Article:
I think the most significant thing this book says is "you cannot not grieve." By this the author is saying that we can put on a happy face, but grief is grief, and we cannot just whisk it away, it will have its day. The book quotes Therese Rando, "There is no way around the pain that you naturally feel when someone you love dies." You can't go over it, under it, or around it. ... Going through it is what will help heal you." The Bible says, "Blessed are those that mourn, for they shall be comforted." Mathew 5:4
Another concept I found interesting was that of firsts. After a loss, there are many firsts without are loved one. Holidays and special events become a part of this. Each in and of it self is a hard time and a reexperiencing of the loss.
In Isaiah we read of how the Lord can help us through these times:
1...I have called thee by thy name; thou art mine.
2 When thou passest through the waters, I will be with thee; and through the rivers, they shall not overflow thee: when thou walkest through the fire, thou shalt not be burned; neither shall the flame kindle upon thee.
4 Since thou wast precious in my sight, thou hast been honourable, and I have loved thee... (Isaiah 43)
The Book of Mormon echos this: 17 And I said unto him: I know that he loveth his children; nevertheless, I do not know the meaning of all things. (1 Nephi 11)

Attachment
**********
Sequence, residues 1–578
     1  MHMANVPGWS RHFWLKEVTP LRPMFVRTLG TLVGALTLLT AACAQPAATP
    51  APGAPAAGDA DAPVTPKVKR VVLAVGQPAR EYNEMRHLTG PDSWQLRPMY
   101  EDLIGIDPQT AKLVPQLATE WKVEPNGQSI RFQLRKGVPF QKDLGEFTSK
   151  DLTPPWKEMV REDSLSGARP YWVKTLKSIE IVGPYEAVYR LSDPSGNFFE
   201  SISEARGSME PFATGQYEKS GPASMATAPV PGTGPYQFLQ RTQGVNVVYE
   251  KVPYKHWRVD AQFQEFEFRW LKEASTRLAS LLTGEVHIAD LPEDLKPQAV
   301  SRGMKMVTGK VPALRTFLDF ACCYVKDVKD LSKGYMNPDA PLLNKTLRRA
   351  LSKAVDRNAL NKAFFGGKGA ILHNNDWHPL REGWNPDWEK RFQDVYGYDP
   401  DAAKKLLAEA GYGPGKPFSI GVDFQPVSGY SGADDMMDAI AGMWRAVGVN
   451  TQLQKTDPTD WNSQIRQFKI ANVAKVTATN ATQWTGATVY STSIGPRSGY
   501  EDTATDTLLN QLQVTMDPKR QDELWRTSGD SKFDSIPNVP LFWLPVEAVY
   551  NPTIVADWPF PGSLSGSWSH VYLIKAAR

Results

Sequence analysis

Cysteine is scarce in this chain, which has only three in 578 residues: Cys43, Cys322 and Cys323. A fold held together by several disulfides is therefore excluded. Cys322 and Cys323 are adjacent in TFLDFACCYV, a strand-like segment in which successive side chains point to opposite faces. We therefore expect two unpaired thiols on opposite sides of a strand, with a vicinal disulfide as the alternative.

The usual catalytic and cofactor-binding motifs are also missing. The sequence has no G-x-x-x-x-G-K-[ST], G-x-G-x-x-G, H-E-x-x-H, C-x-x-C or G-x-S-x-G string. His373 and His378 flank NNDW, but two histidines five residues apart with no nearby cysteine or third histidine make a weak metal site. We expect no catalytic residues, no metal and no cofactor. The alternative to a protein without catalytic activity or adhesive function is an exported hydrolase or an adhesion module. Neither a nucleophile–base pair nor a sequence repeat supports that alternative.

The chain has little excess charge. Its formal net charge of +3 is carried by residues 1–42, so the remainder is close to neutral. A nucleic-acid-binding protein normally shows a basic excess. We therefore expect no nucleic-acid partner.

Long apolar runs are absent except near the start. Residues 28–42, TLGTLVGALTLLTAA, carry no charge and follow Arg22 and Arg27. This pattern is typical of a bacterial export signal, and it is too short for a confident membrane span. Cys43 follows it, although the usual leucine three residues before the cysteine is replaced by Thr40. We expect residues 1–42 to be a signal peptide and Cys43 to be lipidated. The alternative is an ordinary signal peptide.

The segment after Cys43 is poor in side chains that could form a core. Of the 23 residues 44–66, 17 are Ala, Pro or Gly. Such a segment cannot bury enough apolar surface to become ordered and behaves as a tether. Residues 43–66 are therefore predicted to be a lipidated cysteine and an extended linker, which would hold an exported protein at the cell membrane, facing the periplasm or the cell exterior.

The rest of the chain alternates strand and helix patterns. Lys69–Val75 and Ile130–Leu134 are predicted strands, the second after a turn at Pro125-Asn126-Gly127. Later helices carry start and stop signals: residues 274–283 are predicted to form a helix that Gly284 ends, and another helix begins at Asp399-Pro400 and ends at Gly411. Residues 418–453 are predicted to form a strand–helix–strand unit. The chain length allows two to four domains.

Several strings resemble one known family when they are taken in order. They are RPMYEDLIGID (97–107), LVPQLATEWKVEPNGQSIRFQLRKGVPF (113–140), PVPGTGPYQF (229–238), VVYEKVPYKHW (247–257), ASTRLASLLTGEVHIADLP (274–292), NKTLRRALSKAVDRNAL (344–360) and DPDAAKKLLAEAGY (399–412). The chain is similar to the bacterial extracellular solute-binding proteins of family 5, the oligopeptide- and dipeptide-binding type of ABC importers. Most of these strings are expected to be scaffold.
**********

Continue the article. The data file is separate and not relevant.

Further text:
Another concept from the pamphlet is that of secondary looses. We not only loss a love one, we loss what ever else that person may have been in our life, financial support, listening ear, etc etc.
This pamphlet suggests going through the emotions; it hurts. A good cry, or many good cries are ok as we deal with this loss. The pamphlet concludes with; Is it Christian to grieve? One might also ask, knowing all we do as members of the Church of Jesus Christ of Latter-day Saints; Is it Mormon to grieve? I think the answer is a resounding yes. We can have faith, and still feel pain and loss. "Jesus wept." (John 11:35) Many times we too as mortals need to cry, we need to grieve.